With Street Sense, trainer Carl Nafzger may wind up a victim of early success. He brought the son of Street Cry into the Juvenile off a judicious, conservatively-spaced four-race 2-year-old campaign, and the colt ran off and hid, blistering the mile-and-a-sixteenth in 1:42 2/5. Horses that run that fast at 2 seldom win the Derby, as it takes most 2-year-olds more than six months to fully recover from such marked exertions. This is the primary reason why no Juvenile winner has ever won the race. This year's Tampa Bay Derby win was less impressive than the Juvy, and his subsequent second in the Blue Grass was less impressive than either. I'm a huge Nafzger fan, and he could train for me any old time, but he may wind up a casualty of logistics and circumstance, this afternoon.

Thursday night, a Vegas sporting-radio denizen asked me who I thought would wind up the favorite. This typist replied that Curlin would open around 6-1 in the early live betting, as most veteran observers would be unwilling to back him at a short price, leaving Street Sense the early choice. I added that when the public weighed in on race day, the pair'd likely close as virtual co-favorites - but the Lanes End winner, Hard Spun, would likely emerge as the "wise guy" horse and third-favorite, the recipient of weighty play from savvy sources seeking a legitimate vehicle to ride into battle against the headline horses.

So much legitimate Derby handicapping is contingent on judgment of likely pace scenarios -- and the racing surface. The fact that Churchill's track-maintenance folks sealed the august oval's dirt surface in Smarty Jones' year was outrageous; to contest an American classic over a sealed strip is anything but conducive to fair sport and conventional race-shape . . . but given the weather reports, they may do it again . . . and if they do it, Hard Spun would likely derive the greatest benefit. Conditioned by one of my favorite "young turk" trainers, Larry Jones, the son of Danzig (another handicapping plus, given the wet track) knows his horse. A winner of five of six, all by open daylight, Hard Spun's lone loss was over an Oaklawn Park surface he didn't relish in mid-February's Southwest Stakes. After the colt's loss there, Jones called an audible, and selected Turfway's Lanes End Stakes for his next encounter. The bay colt figures to like Churchill, and the wetter, the better.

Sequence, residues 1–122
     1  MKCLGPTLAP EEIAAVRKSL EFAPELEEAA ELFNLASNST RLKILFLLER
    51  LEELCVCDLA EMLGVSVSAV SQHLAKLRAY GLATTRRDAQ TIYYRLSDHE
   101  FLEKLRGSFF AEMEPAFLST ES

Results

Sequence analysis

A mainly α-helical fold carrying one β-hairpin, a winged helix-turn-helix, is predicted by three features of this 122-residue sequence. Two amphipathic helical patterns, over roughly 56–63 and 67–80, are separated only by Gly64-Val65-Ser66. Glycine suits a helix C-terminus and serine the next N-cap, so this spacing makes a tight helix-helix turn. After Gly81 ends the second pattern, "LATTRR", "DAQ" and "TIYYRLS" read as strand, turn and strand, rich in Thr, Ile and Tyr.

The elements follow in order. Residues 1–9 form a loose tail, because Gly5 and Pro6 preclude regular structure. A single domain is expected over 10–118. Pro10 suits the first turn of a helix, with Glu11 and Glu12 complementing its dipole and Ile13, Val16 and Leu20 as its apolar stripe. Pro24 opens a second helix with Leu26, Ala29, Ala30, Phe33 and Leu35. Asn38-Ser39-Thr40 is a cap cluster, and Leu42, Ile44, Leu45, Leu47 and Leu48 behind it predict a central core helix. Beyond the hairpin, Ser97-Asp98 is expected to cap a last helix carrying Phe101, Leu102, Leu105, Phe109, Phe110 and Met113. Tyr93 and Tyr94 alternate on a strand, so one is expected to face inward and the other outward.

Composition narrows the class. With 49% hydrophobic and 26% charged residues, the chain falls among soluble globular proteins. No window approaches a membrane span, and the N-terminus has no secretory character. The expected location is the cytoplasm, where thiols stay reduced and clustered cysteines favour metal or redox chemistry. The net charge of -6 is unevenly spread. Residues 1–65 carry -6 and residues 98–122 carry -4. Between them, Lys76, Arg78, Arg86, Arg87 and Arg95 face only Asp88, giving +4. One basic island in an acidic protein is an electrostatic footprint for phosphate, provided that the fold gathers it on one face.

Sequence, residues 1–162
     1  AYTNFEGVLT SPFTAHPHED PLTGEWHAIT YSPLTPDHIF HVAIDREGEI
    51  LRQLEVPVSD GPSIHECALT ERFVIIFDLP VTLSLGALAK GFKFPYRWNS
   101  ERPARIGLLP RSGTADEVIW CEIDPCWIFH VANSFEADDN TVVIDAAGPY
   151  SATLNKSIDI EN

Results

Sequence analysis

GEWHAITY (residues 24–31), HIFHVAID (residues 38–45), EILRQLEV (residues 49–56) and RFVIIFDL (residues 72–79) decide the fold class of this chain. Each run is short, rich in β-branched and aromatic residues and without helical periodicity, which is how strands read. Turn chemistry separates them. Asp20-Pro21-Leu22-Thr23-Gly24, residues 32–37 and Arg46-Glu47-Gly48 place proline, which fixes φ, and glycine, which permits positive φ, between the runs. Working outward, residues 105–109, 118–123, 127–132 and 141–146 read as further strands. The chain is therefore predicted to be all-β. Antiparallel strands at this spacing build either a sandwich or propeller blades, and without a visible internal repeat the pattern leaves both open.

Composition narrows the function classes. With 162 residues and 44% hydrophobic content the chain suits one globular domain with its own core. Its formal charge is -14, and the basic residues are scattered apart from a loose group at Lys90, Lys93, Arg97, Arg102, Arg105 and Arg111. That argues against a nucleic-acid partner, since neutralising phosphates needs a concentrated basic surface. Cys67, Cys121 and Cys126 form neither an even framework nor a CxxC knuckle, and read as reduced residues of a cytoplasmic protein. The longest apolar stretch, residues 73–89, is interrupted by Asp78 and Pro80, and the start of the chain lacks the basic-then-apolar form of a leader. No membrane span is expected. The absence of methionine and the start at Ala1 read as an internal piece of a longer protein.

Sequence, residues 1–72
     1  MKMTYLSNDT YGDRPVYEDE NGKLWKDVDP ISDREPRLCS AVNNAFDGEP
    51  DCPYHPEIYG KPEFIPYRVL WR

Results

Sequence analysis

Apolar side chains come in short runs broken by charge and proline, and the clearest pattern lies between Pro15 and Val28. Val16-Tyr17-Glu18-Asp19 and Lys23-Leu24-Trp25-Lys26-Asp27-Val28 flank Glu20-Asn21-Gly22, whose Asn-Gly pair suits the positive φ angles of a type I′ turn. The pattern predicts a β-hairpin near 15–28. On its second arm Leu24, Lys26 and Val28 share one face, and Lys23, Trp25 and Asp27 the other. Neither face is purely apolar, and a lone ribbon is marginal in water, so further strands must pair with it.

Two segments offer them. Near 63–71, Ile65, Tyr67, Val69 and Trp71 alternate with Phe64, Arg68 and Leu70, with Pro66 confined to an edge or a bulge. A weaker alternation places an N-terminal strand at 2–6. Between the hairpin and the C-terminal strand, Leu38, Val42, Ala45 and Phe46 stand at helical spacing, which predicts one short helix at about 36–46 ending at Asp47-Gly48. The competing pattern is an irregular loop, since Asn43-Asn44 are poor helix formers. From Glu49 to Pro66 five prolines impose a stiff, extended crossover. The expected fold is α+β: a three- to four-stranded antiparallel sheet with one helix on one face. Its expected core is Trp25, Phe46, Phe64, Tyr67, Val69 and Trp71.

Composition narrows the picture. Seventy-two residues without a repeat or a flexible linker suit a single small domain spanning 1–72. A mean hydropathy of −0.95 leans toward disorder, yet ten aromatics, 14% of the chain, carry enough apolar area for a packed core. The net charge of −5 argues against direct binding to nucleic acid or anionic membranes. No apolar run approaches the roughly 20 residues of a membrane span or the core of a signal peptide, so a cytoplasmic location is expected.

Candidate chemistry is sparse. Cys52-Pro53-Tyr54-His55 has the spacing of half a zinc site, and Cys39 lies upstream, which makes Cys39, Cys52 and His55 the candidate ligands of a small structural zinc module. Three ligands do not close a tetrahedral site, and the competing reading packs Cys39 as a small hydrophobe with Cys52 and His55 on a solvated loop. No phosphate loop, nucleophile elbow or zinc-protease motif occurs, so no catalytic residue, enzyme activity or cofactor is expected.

Negatives? Jockey Mario Pino's a Derby virgin, but he's a canny veteran who's danced tens of thousands of dances, and I trust him in this spot. The horse hasn't raced since his gallop in the Lanes End, six weeks ago . . . only Barbaro, last year, has won this race off a layoff of more than four weeks, in the past half-century.

Another caveat: Hard Spun's pedigree features a female family (the colt's out of the Turkoman mare Turkish Tryst) whose sire line traces back to the enormously influential Raise A Native. No Derby winner whose mom traces back through Raise A Native in the pedigree's top line had EVER won a Derby - prior to Barbaro.

Barbaro was a truly exceptional, remarkable, courageous animal - who beat a better Derby field than this one. As an individual, Hard Spun has impressed me enormously. He's more seasoned than Curlin, and there's a far-better chance that his best career effort remains ahead of him . . . the nagging question that dogs Street Sense and his supporters.

Enjoy the day, the sights, sounds, and ambiance. Watch the early races with a judicious eye, to determine for yourself how the track is playing - vital advice, anytime, but even more important when tracking a saturated surface. The undercard is laden with solid opportunities for the judicious handicapper with a knack for successfully handling the intricacies of Louisville evaluations, and the huge pari-mutuel pools permit the financially well-endowed to take huge swings without materially affecting the odds they receive. Let the horse be with you.

Nelson Lardner